without getting massively in depth, a calorie is a unit of measure for energy in the foods we consume, the calories we consume are either used to fuel us through out the day, excess calories are stored as potential energy in the body in the fat tissues of the body (this is how we put fat on) 

when looking at calories in a nutrition sense we split them in to categories called macronutrients these are: 


protein is the building blocks of muscle and also helps you recover from exercise, 1 gram of protein = 4 calories (ignore this for now but remember this for later), protein is slightly different to the other macronutrients as it is the only macronutrient that is not necessarily stored or directly used as energy, if you don’t use the protein in your body, your body gets rid of it, protein also takes energy to breakdown and utilise which helps burn extra fat, this is why we recommend a reasonably high protein diet

Examples of Protein Sources 



Lean Beef

whey protein w/ almond milk

 Egg Whites 


Sea Bass


Dietary Fat :
Dietary Fat is a source of energy but is also plays a huge part in hormone regulation, the transportation of vitamins and nutrients as well as the break down of fat stores in the body, 

there are 9calories per gram of fat, its calorie density is one reason that people seem to think fat is “bad” for you, when in fact in order to be healthy you need a decent amount of fat in your diet this is even more important for females. 

we actually recommend saturated fats such as meat fats, coconut oil, grass fed butter etc to be the main source of fats in your diet despite popular belief that these are bad for you (this theory was based on “study” conducted by a company who sell sunflower oil to promote their products over butter etc) , these types of fat not only give you a lot of sustained energy but also are the best fats for optimal hormone production.

Examples of Fat Sources 

Grass Fed Butter (cook with or on top of potatoes ect)

Coconut Oil (cook with or in protein shake ect)

Peanut/Almond Butter (with foods or blended into shake ect) 

Almonds Ground Nut Oil (cook with)

Egg Yolks

Organic Dark Chocolate 70% + cocoa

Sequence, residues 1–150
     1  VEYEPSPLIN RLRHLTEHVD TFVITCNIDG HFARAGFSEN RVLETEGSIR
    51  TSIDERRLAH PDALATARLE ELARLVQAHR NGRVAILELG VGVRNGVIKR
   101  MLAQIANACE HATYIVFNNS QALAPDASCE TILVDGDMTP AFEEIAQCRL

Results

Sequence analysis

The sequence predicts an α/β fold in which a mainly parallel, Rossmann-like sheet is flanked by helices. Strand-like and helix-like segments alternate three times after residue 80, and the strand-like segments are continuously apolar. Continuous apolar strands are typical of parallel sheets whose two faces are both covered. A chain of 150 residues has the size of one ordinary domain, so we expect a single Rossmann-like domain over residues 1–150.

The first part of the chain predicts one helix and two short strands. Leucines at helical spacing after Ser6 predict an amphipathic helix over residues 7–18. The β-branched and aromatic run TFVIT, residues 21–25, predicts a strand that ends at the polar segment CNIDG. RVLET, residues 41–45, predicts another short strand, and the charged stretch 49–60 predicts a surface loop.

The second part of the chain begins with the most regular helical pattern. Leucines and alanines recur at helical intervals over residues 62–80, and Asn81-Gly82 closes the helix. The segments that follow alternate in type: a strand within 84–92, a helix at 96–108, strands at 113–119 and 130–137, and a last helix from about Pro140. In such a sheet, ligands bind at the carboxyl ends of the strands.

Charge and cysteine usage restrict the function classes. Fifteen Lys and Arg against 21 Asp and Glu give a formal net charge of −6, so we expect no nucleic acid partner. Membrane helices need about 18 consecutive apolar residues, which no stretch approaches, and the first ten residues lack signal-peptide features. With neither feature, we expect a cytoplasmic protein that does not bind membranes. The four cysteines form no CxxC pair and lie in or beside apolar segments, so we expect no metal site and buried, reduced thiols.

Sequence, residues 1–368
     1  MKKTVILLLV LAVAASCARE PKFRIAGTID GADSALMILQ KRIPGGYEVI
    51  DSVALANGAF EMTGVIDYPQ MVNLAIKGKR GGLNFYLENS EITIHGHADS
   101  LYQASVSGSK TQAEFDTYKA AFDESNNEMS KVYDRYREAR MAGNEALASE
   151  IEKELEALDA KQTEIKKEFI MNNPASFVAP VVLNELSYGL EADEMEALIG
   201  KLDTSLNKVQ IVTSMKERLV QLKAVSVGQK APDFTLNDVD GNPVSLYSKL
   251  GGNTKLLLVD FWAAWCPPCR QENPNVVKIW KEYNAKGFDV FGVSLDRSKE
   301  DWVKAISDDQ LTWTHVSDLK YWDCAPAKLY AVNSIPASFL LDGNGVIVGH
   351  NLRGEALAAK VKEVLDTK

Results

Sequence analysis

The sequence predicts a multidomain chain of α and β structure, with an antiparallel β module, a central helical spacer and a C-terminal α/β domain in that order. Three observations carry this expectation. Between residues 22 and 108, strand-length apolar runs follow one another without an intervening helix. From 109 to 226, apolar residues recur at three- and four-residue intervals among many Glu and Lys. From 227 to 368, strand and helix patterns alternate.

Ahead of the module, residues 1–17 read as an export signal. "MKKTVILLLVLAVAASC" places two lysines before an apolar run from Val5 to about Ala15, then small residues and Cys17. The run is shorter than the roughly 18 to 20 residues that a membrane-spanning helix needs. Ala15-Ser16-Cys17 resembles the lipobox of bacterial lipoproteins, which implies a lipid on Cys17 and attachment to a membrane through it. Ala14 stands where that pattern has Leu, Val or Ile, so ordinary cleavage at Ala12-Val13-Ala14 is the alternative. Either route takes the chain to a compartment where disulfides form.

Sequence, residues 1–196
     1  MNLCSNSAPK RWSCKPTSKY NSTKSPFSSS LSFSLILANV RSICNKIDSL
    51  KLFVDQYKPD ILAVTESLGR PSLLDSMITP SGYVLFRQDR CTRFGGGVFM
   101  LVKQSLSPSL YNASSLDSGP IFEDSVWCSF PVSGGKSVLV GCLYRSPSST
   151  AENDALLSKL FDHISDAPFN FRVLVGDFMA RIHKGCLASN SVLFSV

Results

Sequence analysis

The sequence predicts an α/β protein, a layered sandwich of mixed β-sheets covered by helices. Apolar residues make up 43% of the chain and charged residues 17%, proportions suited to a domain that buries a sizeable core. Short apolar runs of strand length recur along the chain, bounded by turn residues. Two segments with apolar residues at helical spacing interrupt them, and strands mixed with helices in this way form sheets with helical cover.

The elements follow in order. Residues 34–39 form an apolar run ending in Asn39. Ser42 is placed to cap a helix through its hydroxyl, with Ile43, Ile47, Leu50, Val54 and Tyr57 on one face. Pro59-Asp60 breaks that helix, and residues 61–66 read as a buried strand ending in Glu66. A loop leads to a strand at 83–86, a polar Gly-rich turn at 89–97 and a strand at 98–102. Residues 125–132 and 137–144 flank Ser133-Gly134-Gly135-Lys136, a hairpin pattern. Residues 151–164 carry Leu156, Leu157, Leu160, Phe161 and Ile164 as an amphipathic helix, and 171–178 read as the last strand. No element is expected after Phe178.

carbohydrates are a non essential macronutrient which basically means the body can find a way of coping with out it, however carbohydrates are the bodies primary source of energy for exercise and activity especially the kind of exercise you’ll do in PT/sweatcamp classes etc, carbohydrates will not only give you energy but when consumed in controlled amounts with the right balance of fats, protein and fibre are the key to regulate such hormones like insulin and to combat metabolic diseases like diabetes type II, 

when looking at carbohydrates an old method of decided which ones to consume was the GI (glycemic index) scale, this essentially means the speed which the carbohydrates spikes your insulin to open up your cells to use or store the energy, 

this is relevant when just consuming carbohydrates but when consumed in a balanced diet it isn’t as important as fats, fibre and protein balance the insulin spike,. 

the way we look at it is if you consume a “high gi” food such as sweets, chocolate, fruit these generally have a lot less substance to them and you can consume a lot of carbohydrates with out feeling full or if you do feel full, you will feel hungry again much sooner apposed to when you consume a “low GI food” such as brown rice as this digests slowly and has a lot of substance to it, it fills you up for longer meaning you don’t feel the need to consume as much. 

examples of Carbohydrate  Sources

 Sweet Potato 

White Potato

 Brown Rice 

Basmati Rice

 Fresh Fruit

 Gluten free Oats Rice Cakes

 New potato 

Fibre; is another form of carbohydrate that aids in the digestion of the food we eat, fibre also helps regulate insulin spikes and makes you feel fuller for longer, vegetables are an ideal sources of fibre


If you’d like to know more information on calories, macronutrients and how many of each you need and how to track them complete your details below to receive a free calorie/macronutrient counting guide



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